Responsibility and accountability for national patient safety intelligence in Ireland should be assigned to an independent organisation in order to ensure effective national oversight of patient safety and also to inform policy development, according to HIQA. Maureen Browne reports.
This new model for coordinating patient safety intelligence is among ten recommendations made by HIQA to improve the coordination of patient safety intelligence to drive patient safety.
They include the implementation and rollout of the national incident management system across the health and social care system and new legislation to support incident reporting, improve data quality and use of incident information.
The 2014 Chief Medical Officer’s report on perinatal deaths in the Midland Regional Hospital, Portlaoise recommended the establishment of a National Patient Safety Surveillance System in Ireland.
HIQA said a review of what was currently being done in Ireland for reporting, analysing and implementing learning from patient safety incidents and adverse events at a national level showed that there was a need for better governance and coordination of national patient safety intelligence in Ireland.
It urges the need to embed a ‘just culture’ within services to ensure timely review of incident information and place an emphasis at a local and national level to learn from such incidents.
HIQA has also reported a need for an effective ICT infrastructure to assist the coordination of patient safety intelligence combined with effective governance arrangements for sharing learning from patient safety incidents locally and nationally. Implementing a national incident management system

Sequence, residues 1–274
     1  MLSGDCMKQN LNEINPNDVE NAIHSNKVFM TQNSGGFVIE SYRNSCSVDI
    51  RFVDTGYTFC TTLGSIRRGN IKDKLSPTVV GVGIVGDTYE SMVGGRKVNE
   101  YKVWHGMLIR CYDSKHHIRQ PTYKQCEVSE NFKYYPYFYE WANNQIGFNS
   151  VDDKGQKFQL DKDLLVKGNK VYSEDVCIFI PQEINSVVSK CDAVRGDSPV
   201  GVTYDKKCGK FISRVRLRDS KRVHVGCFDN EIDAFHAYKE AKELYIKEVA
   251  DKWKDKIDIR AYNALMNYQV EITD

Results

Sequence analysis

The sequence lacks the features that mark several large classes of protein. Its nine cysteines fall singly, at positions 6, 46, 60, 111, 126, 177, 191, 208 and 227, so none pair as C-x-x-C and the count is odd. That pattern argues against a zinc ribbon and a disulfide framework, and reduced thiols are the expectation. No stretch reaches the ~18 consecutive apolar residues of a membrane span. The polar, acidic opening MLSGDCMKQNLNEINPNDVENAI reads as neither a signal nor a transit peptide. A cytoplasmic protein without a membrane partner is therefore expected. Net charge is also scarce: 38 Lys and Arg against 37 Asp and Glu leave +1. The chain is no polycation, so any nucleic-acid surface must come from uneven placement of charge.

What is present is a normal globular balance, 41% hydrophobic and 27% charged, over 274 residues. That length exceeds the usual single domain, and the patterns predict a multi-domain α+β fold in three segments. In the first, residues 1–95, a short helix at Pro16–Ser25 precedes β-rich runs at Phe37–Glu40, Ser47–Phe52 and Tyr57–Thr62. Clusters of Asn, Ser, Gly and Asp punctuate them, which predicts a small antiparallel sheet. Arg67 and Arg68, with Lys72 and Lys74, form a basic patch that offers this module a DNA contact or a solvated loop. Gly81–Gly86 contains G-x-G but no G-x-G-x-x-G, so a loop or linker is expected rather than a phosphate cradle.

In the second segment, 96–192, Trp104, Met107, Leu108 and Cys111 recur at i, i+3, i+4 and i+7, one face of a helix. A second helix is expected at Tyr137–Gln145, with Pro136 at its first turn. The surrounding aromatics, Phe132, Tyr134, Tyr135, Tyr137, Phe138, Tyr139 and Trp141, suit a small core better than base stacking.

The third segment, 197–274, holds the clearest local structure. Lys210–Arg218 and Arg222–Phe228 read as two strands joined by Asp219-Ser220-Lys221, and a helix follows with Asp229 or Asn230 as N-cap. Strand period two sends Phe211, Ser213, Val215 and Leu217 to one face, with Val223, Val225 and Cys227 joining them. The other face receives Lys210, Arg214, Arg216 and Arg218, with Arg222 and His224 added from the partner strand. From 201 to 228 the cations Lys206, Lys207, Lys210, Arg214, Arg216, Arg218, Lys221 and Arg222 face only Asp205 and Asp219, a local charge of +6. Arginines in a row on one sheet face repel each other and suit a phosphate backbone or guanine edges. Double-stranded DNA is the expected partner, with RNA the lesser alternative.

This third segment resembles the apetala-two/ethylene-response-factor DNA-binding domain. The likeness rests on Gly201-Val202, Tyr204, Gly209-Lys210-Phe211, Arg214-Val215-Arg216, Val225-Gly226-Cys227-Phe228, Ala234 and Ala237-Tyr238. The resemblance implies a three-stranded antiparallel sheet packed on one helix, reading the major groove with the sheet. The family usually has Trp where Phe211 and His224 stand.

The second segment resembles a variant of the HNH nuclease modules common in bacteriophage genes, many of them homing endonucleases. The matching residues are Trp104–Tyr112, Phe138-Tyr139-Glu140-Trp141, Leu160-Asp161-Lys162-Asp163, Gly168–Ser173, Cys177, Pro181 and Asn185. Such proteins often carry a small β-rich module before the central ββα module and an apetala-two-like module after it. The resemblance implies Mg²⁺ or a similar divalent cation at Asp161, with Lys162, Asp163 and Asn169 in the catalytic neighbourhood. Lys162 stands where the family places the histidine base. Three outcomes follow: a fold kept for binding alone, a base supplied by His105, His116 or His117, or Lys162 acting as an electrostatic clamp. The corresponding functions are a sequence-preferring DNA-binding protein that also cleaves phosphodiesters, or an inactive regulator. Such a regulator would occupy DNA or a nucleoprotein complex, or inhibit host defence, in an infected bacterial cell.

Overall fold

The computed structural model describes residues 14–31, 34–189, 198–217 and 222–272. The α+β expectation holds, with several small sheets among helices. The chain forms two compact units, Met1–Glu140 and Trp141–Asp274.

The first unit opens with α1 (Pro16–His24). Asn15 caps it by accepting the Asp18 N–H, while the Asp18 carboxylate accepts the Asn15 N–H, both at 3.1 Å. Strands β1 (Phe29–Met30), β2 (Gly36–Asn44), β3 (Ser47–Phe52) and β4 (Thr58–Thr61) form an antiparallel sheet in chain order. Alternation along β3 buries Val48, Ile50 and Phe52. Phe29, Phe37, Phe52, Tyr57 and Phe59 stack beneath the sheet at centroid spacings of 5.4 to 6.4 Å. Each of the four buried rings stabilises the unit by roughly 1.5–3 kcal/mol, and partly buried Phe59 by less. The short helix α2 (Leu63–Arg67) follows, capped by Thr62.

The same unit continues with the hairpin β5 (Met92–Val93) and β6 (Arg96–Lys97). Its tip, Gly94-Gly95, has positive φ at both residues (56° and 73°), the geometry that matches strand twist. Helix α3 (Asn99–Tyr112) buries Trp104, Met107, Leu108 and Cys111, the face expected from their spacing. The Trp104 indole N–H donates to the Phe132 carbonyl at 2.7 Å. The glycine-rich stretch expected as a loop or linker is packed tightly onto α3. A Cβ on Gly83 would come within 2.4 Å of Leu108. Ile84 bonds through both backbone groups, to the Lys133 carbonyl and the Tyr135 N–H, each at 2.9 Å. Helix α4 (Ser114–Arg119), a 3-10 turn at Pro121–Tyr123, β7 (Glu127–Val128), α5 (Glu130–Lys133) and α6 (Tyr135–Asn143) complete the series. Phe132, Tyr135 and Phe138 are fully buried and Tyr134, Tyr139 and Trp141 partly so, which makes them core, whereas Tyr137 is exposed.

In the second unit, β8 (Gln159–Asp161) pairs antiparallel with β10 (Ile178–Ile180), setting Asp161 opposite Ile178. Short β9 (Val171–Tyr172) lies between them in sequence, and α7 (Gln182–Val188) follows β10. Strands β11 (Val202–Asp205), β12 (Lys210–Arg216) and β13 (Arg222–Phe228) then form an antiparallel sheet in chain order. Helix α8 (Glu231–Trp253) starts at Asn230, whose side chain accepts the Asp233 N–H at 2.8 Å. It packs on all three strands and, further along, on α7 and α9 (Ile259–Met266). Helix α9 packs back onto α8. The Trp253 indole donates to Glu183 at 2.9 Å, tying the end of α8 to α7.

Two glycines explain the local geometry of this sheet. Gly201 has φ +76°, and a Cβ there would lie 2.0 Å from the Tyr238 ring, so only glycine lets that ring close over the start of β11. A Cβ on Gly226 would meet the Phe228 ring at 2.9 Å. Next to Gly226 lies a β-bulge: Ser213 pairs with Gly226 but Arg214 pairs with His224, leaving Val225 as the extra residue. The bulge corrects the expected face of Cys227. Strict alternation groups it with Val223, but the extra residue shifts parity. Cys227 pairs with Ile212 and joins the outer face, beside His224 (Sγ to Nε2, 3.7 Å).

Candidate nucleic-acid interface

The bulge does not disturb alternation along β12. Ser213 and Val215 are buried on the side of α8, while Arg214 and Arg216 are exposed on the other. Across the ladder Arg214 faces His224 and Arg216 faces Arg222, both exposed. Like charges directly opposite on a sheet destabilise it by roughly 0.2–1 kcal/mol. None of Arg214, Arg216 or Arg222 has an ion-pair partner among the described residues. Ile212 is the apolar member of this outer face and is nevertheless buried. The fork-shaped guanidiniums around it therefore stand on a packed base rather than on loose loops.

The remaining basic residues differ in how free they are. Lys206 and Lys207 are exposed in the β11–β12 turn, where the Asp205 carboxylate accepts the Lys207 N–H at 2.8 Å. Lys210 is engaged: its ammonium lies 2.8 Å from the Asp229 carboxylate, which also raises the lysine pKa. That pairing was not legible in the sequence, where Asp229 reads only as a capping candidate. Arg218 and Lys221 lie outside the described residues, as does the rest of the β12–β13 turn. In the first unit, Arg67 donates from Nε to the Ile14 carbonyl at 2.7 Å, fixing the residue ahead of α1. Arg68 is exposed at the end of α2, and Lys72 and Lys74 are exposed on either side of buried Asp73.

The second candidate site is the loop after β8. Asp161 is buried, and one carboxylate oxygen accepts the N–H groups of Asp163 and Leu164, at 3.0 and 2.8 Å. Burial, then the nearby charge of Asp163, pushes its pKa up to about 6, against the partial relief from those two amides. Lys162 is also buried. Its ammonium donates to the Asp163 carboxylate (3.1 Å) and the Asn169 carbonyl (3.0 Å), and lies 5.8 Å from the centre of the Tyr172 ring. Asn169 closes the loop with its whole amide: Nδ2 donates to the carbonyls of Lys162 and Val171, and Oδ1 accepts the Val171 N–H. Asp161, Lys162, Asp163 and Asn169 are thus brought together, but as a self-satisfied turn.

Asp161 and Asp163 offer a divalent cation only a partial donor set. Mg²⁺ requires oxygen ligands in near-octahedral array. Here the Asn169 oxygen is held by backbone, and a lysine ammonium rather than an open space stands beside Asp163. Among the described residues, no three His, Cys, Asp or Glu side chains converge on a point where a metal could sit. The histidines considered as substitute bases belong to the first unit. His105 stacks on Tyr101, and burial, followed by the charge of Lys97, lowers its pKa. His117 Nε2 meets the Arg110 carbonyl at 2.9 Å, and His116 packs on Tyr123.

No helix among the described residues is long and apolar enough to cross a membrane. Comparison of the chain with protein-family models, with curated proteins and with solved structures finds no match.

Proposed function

It says services must share and act on information about patient safety incidents, and learn lessons to prevent similar incidents happening again.
Dr. Kevin O’Carroll, Acting Director of Health Information with HIQA, said “There is currently no single agency in Ireland with responsibility for the governance and coordination of patient safety intelligence and for sharing learning between the numerous agencies which collect patient safety intelligence. The diffusion of this information is a lost opportunity to provide early warnings of potential patient safety risks.”
The agencies in Ireland which hold patient safety intelligence at present, include the HSE, the HSE Health Protection Surveillance Centre, HIQA, the State Claims Agency, the National Office of Clinical Audit, professional regulatory bodies, the Health Products Regulatory Authority and the Mental Health Commission.
HIQA’s recommendations follow public concern about the safety of Irish maternity services and were, it says, informed by a comprehensive review of patient safety intelligence systems in operation in other countries and a review of how patient safety intelligence is currently gathered and used in the Irish health service.
“In addition, key stakeholders from across the health and social care sector in Ireland also considered the options for patient safety surveillance in Ireland and helped to shape the HIQA recommendations.
It urges the need to embed a ‘just culture’ within services to ensure timely review of incident information.
Dr. O’Carroll said: “To inform our recommendations, we carried out an in-depth international review of patient-safety surveillance systems in health systems in four countries, Canada (in British Columbia), Denmark, England and Scotland. A key theme from this international review was the importance of coordinating and sharing patient safety intelligence.
“Many of the countries studied as part of this international review are now focusing on triangulating intelligence from the reporting and learning system with other sources of intelligence, such as from coroners’ reports, the public, and public health agencies, in order to identify patient safety concerns. This allows the pooling of patient safety intelligence from a range of sources to ensure a more accurate risk profile is identified.”